Characteristics of a Public Good • It is the good’s characteristics, not the sector in which it is produced, that distinguishes it as a public good. • Examples of public goods: • national defense • broadcast radio and television signals • clean air • Markets often develop ways of providing public goods. • like the use of advertising to support the provision of broadcast radio and television. • Nonetheless, public goods often cause a breakdown in the harmony between self-interest and the public interest.
Why the Invisible Hand May Fail:(4) Poor Information • The consumer’s information problem is minimal if the item is purchased regularly. • Problems of conflicting interests and unhappy customers can arise if goods are: • difficult to evaluate on inspection and seldom repeatedly purchased from the same producer, or, • potentially capable of serious and lasting harmful side effects that cannot be predicted by a lay-person.
Why the Invisible Hand May Fail:(4) Poor Information • Market responses to poor information include: • Consumer information publications • Provide expert evaluation and unbiased information • Brand names and franchises • Provide standardized quality and dependability • Warranties • Supplier promises to repair possible problems
Market Failure • Market failure is the term used to describe the failure of markets to achieve the ideal conditions of economic efficiency. • When markets allocate goods inefficiently, the problem can generally be traced back to absence of competition, externalities, public goods, or poor information.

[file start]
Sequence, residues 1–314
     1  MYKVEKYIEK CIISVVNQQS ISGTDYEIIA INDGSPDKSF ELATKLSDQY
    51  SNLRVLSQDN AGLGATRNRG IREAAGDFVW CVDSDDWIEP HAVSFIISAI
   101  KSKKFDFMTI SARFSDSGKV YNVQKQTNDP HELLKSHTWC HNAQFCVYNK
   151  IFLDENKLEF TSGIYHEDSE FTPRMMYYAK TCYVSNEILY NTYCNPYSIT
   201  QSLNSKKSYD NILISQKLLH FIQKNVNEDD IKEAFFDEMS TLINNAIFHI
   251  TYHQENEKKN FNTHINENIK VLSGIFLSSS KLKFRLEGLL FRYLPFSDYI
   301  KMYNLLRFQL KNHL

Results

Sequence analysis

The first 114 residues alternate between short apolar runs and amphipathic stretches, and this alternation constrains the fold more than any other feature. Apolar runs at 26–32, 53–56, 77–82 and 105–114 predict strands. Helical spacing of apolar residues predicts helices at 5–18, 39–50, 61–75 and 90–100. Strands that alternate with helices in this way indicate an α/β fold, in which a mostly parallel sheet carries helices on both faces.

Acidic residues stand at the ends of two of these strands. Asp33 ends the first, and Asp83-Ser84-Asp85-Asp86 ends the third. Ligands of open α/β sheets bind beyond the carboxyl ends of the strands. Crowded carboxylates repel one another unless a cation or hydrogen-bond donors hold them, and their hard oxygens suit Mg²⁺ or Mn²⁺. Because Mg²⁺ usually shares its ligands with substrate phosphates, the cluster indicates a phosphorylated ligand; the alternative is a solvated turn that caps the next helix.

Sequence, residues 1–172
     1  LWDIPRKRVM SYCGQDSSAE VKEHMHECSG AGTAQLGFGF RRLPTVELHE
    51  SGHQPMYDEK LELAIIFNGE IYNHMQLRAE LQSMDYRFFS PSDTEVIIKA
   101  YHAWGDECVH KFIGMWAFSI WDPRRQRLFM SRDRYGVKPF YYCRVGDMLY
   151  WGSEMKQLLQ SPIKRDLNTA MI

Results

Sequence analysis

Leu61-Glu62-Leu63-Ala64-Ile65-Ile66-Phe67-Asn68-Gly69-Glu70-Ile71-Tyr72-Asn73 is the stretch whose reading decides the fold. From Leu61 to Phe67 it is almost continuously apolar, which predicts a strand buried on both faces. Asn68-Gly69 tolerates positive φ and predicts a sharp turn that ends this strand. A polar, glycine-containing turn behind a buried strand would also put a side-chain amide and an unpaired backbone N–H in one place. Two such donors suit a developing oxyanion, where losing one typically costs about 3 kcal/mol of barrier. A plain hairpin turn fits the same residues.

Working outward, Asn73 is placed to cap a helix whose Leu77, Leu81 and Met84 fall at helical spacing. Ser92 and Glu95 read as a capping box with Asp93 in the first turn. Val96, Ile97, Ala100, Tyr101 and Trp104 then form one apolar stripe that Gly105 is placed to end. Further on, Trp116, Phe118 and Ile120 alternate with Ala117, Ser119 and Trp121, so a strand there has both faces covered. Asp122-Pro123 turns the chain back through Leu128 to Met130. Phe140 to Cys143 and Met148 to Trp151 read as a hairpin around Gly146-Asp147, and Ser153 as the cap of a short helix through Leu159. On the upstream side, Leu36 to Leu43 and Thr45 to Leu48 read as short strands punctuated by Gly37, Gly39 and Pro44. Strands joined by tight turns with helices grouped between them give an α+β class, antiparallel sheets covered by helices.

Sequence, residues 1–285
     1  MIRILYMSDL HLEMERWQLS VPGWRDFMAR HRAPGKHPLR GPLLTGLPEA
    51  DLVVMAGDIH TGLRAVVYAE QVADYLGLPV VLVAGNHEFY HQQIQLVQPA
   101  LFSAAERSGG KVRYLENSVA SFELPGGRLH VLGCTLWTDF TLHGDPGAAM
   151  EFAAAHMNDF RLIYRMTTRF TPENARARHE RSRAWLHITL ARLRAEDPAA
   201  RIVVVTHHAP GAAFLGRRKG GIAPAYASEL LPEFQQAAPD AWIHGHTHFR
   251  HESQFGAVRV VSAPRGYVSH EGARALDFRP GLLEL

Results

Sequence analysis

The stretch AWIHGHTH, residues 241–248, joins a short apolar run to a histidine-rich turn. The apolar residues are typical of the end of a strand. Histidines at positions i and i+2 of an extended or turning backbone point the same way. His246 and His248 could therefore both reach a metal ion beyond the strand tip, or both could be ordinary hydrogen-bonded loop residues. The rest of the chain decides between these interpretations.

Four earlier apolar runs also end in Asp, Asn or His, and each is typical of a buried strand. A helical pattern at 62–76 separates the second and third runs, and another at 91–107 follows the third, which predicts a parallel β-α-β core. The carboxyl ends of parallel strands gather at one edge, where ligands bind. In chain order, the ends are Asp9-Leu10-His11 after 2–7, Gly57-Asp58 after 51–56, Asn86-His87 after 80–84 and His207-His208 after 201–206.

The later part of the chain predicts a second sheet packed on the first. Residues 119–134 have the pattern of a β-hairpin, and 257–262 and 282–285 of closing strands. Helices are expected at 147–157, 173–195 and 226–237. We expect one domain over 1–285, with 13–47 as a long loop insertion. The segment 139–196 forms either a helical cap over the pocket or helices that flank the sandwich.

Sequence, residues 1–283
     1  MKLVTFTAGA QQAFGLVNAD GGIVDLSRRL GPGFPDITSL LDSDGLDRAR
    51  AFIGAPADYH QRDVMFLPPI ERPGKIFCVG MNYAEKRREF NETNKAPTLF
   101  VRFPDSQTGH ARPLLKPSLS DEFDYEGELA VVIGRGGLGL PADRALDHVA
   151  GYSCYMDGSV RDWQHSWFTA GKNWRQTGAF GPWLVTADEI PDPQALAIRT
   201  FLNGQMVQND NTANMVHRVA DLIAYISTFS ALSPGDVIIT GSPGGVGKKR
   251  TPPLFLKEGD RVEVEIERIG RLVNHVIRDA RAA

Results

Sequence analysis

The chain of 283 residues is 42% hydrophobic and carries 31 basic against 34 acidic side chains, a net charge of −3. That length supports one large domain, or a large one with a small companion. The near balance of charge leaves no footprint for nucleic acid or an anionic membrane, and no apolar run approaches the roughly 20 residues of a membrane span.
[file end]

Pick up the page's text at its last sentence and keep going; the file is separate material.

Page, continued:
Government Failure • Government failure is the term used to describe the situation when there is reason to anticipate that political decision-making will fail to achieve the ideal conditions of economic efficiency. • Government action directed by political decision-making is merely an alternative form of economic organization. It is not a corrective device that can be counted on to provide a remedy for the shortcomings of markets. • Merely because market failure is present, it does not follow that political action will necessarily lead to a more efficient allocation of resources.
Markets Versus Government • Economic analysis is comparative. It involves comparison of expected outcomes under market and political organization. • The following chapter will analyze the operation of the democratic political process so it can be more reasonably compared with the market process.
Questions for Thought: • When external costs are present, how will the equilibrium price and output in a competitive market compare with the price and output consistent with ideal economic efficiency? Is the level of output too large or too small? Explain. • When the production and sale of a product generates external benefits will competitive markets sometimes produce too little of the product? Why or why not?
Questions for Thought: 3. (a) Explain why the following are public goods: • an anti-missle system around Chicago, • a radio broadcast signal, and, • the stability of the currency provided by a central bank such as the Federal Reserve System. (b) Explain why the following are notpublic goods: • a college education at a state university, • Yellowstone National Park, and, • the services of your local fire department 4. Why are public goods sometimes difficult for markets to allocate efficiently?
Questions for Thought: 5. Which of the following is true of public goods? • Public goods can only be supplied by the government. • From the standpoint of economic efficiency, markets will tend to supply too large a quantity of a public good. 6. Why do golf course developers generally purchase a large tract of land, much larger than will be used for the course, prior to its construction?
End of Chapter 5